It might seem weird to have a how-to article for how to leave and migrate off AccessAlly, but we only want clients using AccessAlly who are absolutely in love and seeing the value of the platform.
That’s why this article will walk you through migrating your business and courses off AccessAlly. Please understand that we can’t cover all of the possible other platforms you might be migrating to, so you’ll need to fill in the details for the course platform you’re switching to.
1. Transitioning AccessAlly Subscription Payments
Once you cancel your AccessAlly subscription and the plugin becomes disabled, your customers’ payments will no longer be charged through AccessAlly’s Stripe payments.
There is no automated way to migrate a subscription payment out of AccessAlly into another system. However, you can export the payment details by navigating to:
AccessAlly -> Purchase Logs -> Subscriptions
And from there, you can export a list of all active subscriptions.
This will allow you to email these paid subscribers to have them register for a subscription in another system.
Alternatively, if you have too many subscribers and you worry that they won’t sign up again on a new system – you can keep AccessAlly running in “run off mode” until they cancel or move onto the next platform.
2. Creating Users in the New System
Depending on which system you’re migrating to, you will likely need to regenerate the username and password for each member.
If the new system you’re moving to has webhooks, then install that plugin and run a webhook on the members you want to regenerate.
To test that everything is working, run through the migration and login process yourself before migrating all of the other members.
3. Migrating Course Content & Permissions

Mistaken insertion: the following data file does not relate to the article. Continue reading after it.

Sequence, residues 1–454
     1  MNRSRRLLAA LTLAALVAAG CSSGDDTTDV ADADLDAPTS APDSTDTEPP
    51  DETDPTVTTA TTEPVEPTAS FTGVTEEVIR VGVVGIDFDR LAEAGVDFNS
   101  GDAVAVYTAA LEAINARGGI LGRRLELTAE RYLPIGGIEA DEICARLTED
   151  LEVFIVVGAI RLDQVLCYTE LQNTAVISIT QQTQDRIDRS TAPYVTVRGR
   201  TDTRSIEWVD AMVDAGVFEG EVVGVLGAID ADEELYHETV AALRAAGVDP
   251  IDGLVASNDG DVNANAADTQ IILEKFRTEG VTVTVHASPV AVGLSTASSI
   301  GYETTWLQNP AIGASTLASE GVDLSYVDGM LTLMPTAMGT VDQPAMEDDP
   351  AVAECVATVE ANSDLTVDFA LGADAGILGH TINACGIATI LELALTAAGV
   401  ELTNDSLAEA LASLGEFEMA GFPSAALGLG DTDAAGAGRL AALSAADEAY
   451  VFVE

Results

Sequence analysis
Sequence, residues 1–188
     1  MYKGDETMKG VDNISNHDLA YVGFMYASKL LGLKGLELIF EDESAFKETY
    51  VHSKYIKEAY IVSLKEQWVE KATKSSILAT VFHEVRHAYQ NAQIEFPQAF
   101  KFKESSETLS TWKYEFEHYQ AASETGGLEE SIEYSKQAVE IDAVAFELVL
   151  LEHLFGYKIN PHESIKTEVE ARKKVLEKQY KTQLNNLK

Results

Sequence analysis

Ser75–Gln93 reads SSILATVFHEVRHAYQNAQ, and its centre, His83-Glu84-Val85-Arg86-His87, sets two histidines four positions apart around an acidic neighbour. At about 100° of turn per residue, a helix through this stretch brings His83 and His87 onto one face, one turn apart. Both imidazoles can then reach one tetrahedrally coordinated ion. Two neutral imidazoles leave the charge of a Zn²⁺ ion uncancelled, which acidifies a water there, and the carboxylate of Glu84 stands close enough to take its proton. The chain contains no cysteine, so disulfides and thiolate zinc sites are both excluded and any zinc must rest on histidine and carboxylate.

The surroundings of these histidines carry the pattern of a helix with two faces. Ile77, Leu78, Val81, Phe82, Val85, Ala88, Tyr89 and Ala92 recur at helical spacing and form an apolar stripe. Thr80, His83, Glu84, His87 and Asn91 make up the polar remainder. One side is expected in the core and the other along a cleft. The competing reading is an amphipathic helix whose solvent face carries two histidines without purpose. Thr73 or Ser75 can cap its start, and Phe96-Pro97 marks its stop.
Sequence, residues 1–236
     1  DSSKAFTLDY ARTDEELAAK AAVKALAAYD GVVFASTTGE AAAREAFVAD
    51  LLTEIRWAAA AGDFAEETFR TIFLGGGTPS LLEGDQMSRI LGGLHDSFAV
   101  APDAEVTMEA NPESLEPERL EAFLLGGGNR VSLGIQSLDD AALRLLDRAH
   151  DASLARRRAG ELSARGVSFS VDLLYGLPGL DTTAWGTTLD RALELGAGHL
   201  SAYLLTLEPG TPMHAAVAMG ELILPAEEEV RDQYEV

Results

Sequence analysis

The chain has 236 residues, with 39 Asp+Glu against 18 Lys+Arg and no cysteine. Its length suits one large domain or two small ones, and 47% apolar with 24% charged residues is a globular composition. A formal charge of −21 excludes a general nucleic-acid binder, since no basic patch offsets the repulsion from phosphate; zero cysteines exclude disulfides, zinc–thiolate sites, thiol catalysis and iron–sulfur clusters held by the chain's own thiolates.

AccessAlly’s courses are created using regular WordPress pages, so you don’t have to worry that another course or membership plugin won’t be able to use the same content.
You’ll want to set permissions for each of your existing pages using the interface of your new plugin. These may be via tags, in which case you can use the same tags that AccessAlly created for you.
If you’re moving off WordPress entirely, then you’ll need to copy and paste your content over to the new tool.
4. Removing AccessAlly/ProgressAlly Shortcodes
Once you disable AccessAlly and ProgressAlly, you’ll see that all of the shortcodes turn into “code”. So you’ll want to look through the site and delete any AccessAlly shortcodes you’ve used.
The common ones include the ones on your Dashboard page, update card details, and progress tracking.
Simply delete these and replace them with the new options (or if you’re migrating entire off WordPress, you can skip this step).
5. Updating CRM Automations
You’ll need to update your “welcome email” to send people the new password (this might be a different custom field, for example) or to have the password/welcome sent directly by the other platform you’re moving to.
You’ll also want to change or remove all of your webhooks (HTTP Posts) in your campaigns and automation sequences since AccessAlly won’t be there to receive them anymore.
Check to make sure that you don’t have any “Auto login links” that use AccessAlly’s functionality, since these will no longer work.
6. Making the Final Switch and Removing AccessAlly
If you’re staying on WordPress, you’ll want to switch out the AccessAlly Login widget to the login widget from your new plugin. This will ensure that when people login, they will be doing it through the new system.
AccessAlly has a “Developer Mode” that allows you to have two WordPress plugins on the same site, so you can essentially turn off AccessAlly while you test.
By doing this, you’ll also be able to spot check that everything is working with the new plugin.
Once you’ve tested and everything is working, you’ll want to send a “We’ve moved – here’s how to login” email to all of your existing members. This will usually include a new password, and possibly a different login link.